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The Private Life Of Sherlock Holmes (1970)

Sherlock Holmes is certainly one of literature's all-time most famous characters, the subject of countless novels and short stories by Sir Arthur Conan Doyle between 1887 and 1927. Since then, he has become possibly the most portrayed movie character in cinema history according to the Guinness Book of Records, over 70 actors have played the coveted part in more than 200 films. So rich was Conan Doyle's description of Holmes that many readers have come to think of him as a historical figure, and derive enjoyment from speculating on the finer detail's of the private detective's life. Likewise, many authors and filmmakers have decided to expand on the stories of Sherlock Holmes, creating new mysteries that perhaps Dr. John Watson forgot to publish. 'The Private Life of Sherlock Holmes (1970)' is such a tale, directed by master filmmaker Billy Wilder, who also produced and co-wrote with long-time collaborator I.A.L. Diamond the film.'The Private Life of Sherlock Holmes' was originally written and filmed as a three-hour roadshow picture, an episodic compilation of Sherlock Holmes' most difficult mysteries. Unfortunately, the studio's unwillingness to take a risk with such a format meant that entire sequences, including a prologue with Watson's grandson in London, and a flashback to Holmes' university years, were inharmoniously cut from the film. Though I was initially unaware of this studio intervention, I met these findings with anger and frustration; while the surviving picture is merely a good film, Billy Wilder's original vision would certainly have been something special. I hear that at least one episode has been restored into later DVD editions of the film, but most of the missing footage remains, devastatingly, permanently absent. The story, as we now find it, is comprised of two unequal portions: the first concerns Holmes' interactions with a glamorous ballet dancer (Tamara Toumanova), casting doubt on the famous detective's sexuality, while the second mystery demonstrates the efforts of Holmes and Watson to locate the husband of an beautiful woman (Geneviève Page) suffering from amnesia.When little-known British actor Robert Stephens first appeared on screen as Det. Sherlock Holmes, I wasn't certain that he was the suitable man for the job Wilder had initially considered Peter O'Toole as Holmes, and Peter Sellers as Watson, before deciding to cast unknowns. However, despite initially appearing too flamboyant to play Conan Doyle's brilliant investigator, I'm happy to say that, by the end of the film, he had well-and-truly grown on me. While Stephens didn't quite match the stories' depiction of Holmes, this is only because Dr. Watson's dramatisations often tend to embellish the truth and misrepresent facts about the detective's personality and demeanour a point that is alluded to early in the film itself. Colin Blakely, though given very little to do, is a lot of fun as Holmes' companion and biographer, playing the role a lot less serious than I've seen it done in the past. Christopher Lee also appears as Holmes' intellectually-equal brother Mycroft, whose associations with the British government may prove crucial to the case being investigated.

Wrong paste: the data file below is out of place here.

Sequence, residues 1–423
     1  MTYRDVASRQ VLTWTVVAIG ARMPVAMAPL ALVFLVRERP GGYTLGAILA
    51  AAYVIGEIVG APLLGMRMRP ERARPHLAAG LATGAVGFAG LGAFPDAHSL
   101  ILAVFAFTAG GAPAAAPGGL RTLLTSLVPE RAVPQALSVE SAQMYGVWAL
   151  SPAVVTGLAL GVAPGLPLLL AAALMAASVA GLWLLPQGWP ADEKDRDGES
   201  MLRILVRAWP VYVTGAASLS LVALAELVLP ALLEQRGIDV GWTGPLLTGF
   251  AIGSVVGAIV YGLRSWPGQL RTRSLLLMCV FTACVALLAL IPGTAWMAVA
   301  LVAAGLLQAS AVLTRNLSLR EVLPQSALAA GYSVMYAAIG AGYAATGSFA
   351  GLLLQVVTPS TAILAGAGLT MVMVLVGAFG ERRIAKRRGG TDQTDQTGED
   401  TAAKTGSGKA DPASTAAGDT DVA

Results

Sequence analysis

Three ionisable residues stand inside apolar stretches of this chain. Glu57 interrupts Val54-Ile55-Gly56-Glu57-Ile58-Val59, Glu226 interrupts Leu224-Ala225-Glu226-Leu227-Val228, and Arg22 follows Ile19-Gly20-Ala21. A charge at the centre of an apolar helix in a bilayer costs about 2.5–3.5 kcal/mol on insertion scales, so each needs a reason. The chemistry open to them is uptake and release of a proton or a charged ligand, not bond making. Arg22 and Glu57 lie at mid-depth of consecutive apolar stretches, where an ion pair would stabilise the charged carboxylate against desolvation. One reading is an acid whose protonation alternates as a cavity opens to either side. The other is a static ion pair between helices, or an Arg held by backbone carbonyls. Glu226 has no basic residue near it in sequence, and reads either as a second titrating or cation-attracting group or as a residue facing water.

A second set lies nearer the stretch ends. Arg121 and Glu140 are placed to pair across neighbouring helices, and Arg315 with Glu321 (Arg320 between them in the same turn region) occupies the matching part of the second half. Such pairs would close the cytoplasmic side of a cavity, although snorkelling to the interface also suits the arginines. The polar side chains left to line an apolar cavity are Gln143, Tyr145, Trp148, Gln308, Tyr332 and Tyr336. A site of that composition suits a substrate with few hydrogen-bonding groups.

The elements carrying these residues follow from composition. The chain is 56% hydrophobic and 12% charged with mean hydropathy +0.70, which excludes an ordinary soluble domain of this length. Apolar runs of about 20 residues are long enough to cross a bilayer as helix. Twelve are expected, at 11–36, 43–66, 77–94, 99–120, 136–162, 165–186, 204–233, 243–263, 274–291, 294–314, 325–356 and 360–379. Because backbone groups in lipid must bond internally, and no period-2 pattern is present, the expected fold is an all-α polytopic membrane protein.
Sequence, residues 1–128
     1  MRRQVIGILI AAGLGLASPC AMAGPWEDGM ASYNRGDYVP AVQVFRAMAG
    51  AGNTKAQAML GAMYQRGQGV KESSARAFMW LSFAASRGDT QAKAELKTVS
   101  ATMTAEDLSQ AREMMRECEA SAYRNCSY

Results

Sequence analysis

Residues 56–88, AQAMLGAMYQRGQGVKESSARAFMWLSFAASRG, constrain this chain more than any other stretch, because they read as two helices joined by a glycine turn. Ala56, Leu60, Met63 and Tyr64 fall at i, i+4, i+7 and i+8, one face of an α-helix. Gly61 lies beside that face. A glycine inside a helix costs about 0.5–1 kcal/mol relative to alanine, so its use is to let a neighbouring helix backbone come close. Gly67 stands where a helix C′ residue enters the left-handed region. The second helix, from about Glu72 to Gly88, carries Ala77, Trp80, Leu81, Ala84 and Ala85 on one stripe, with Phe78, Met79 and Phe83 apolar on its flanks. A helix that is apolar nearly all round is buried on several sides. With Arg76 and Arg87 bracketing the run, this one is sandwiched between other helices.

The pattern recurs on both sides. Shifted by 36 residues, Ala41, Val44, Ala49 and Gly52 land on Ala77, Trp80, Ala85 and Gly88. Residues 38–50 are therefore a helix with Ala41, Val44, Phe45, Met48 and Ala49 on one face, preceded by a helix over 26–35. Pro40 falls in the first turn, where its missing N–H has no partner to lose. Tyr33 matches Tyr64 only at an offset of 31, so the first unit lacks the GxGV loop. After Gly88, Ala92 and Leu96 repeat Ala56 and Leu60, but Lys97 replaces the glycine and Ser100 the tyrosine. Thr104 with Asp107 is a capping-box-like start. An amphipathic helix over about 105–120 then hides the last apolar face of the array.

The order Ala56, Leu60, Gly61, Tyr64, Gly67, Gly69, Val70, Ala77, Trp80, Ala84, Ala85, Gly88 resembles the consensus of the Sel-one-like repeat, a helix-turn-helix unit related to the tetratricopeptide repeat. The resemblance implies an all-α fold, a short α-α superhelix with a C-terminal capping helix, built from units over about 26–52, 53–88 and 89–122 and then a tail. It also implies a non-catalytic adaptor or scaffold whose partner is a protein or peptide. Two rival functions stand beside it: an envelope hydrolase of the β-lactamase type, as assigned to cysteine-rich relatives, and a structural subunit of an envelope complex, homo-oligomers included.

The Private Life of Sherlock Holmes (1970)

In The Private Life of Sherlock Holmes, Billy Wilder gets access to a case that Doctor Watson did not want revealed. As you watch the film you can see why.Should I be talking about Holmes as a real person? Well in a sense he's more real to his devoted fans than a lot of the real personalities of the Victorian/Edwardian era. Arthur Conan Doyle created a character that has a cult following to this day that is unmatched. In modern terms, the Star Trek phenomenon is the closest thing we have to it.Of course Arthur Conan Doyle created a man whose private life was only hinted at and he concentrated on the cases with which Holmes always solved with matchless deductive reasoning and an eye for detail that Adrian Monk would envy.Billy Wilder had a Holmes film in mind over a dozen years before this one came to fruition. At one time he wanted to cast Peter O'Toole as Holmes and Peter Sellers as the faithful chronicler Watson. That one went by the boards for a number of reasons.Wilder for the only time in his directing career settled for less than box office draws in casting the film, mainly because people he wanted weren't available. Robert Stephens and Colin Blakely were a fine duo of Holmes and Watson, but no one ran to see the film because they were starring in it.Holmes gets involved in this particular case when a woman is fished out of the Thames and deposited on his doorstep because she had his address upon her. She's looking for her missing husband and the trail takes Holmes and Watson to Inverness in Scotland. There's quite a bit involved and it will become clear why Sherlock Holmes did not want this case publicized by friend, colleague, and house mate Doctor Watson.The Private Life of Sherlock Holmes is not a bad film, it did fail to find an audience back then. Stephens is certainly no Basil Rathbone and Colin Blakely doesn't play Doctor Watson like the befuddled dunce Nigel Bruce was. His Watson is rather bumptious as most of Blakely's roles are. Watson in fact was neither and his medical training helped Holmes any number of times in literature.Maybe Wilder should have held out for Peter O'Toole. 041b061a72


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